Alan Yang: 'Tigertail' Is "A Metaphor for How Immigrants Feel When They Come to This Country"

Alan Yang directing Tigertail - Publicity - H 2020
Sarah Shatz/Netflix

Making his feature directorial debut, the Emmy winner's multigenerational and trilingual family drama is inspired by his father's life in Taiwan and the United States: "Culturally, he's between worlds. He's in a liminal space."

Alan Yang had only been to Taiwan once in 25 years, traveling at age 7 to his grandfather's funeral. The subsequent quarter century was spent fairly assimilated into "all-American" culture: playing sports in his hometown of Riverside, California, writing for The Harvard Lampoon, getting staffed on Parks and Recreation.

Young Yang probably couldn't have imagined that for his feature directorial debut, he'd be location scouting rice fields in his parents' native country, taking the train back to Taipei at the end of long shoot days to crack a few Taiwan Beers with his crew. Tigertail, which premieres on Netflix today, is a tribute to his family's story — specifically that of his father, who was raised in Taiwan by a single mother working in a sugar factory and ended up married with children on the other side of the planet, in a world that couldn't be more different.

In Yang's drama, which is inspired by his family's dynamics but not strictly autobiographical, Ping-Jui (Taiwanese actor Lee Hong-chi) is a charming young man who decides to leave behind his first love for the opportunity to seek a better life in America, via an arranged marriage. Decades later, alone and estranged from his adult American daughter Angela (Dave's Christine Ko), an older Ping-Jui (Mulan and The Farewell star Tzi Ma) looks back on his past through rose-colored glasses and tries to recapture the spirit he once had.

"I was intrigued by the idea of channeling classic Taiwanese and Chinese cinema — Edward Yang, Hou Hsiao-hsien, Wong Kar-wai — and then popping to America for a present-day beat of English," Yang tells The Hollywood Reporter, adding that he shot the period sequences in 16mm and the present-day material in digital in order to highlight the tonal contrasts. "And the goal is for my family to see some kernel of emotional truth, something they can identify and recognize, and express that to them."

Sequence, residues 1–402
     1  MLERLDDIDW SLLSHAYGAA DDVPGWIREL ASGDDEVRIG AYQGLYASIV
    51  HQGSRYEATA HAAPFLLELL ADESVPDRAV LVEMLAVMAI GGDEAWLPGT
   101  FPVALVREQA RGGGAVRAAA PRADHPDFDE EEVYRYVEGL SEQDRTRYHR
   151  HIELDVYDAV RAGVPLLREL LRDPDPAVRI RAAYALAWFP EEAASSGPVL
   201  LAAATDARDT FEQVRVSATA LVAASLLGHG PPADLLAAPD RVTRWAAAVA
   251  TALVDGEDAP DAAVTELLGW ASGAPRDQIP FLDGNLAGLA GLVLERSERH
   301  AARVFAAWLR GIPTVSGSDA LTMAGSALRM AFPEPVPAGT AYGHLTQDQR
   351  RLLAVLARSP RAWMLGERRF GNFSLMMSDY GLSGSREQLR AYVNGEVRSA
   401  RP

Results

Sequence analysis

Yang, who previously won an Emmy with Master of None co-creator Aziz Ansari for writing the Netflix comedy's "Parents" episode and went on to create Amazon's Forever and exec produce Apple's immigrant anthology Little America, opens up to THR about his journey to embracing his cultural heritage, separating familial fact from fiction and tackling a multilingual, multicontinental movie as a first-time director.

The genesis of the movie was a trip to Taiwan with your dad four years ago. Prior to that, what was your relationship with Taiwanese culture like?

Nonexistent. For a large portion of my life, I had to be dragged kicking and screaming into any sort of Taiwanese celebration. I don't mean that as a slam; it was a matter of social survival where I grew up [in Riverside, California], because there weren't a ton of Asian people. My family spoke Mandarin and occasionally Taiwanese, and I replied in English. My mom cooked Taiwanese and Chinese food, but outside of that it was instance after instance of me rejecting that heritage. One session of Chinese school and refusing to go anymore.

So how did you guys come to take that trip in 2016?

It was almost happenstance. I happened to be in Shanghai doing a little bit of work for DreamWorks, and while I was there I had an inkling for this movie. I thought, "I should go to Taiwan, walk around and see what it's like." The best tour guide I could have was my dad, so I called and asked if he would meet me there. A lot of our experiences on that trip bled in and informed Tigertail.

What were some of your deepest takeaways from it?

I remember sitting in the back of the cab, with my dad in the front seat speaking Taiwanese to a cab driver and realizing that he hadn't gotten to speak Taiwanese in years. The crazy part is that I could understand more than I thought I could. I heard him tell the driver at one point, "I would never stay at such a fancy hotel, my son is paying for this." He was humblebragging in Taiwanese and I couldn't believe I knew the language enough to understand it!

A huge part of being there with my dad was seeing how much at home he felt in some ways, thinking about a past that he could never regain and how he uprooted his life essentially to give me a better life. It's a cliche but really true. Culturally, he's between worlds. He's in a liminal space.

You realize that [heritage] is always going to be a part of you, and that very specific Asian American experience where in America you're never going to be what people picture as the default American, but then you go to Asia, wherever your parents are from, and people look like you, but you can't communicate there. So where do you belong?

How did you decide on how to winnow your and your family's experience into a streamlined story?

It started as a really sprawling script, hundreds and hundreds of pages, chapters from different points of view — dad, mom, brother, sister — spanning decades. I kept rewriting and trying to figure out the heart of the story, what was most moving to me and what felt fresh and unlike things I'd seen before. Those two things combined to make the final product.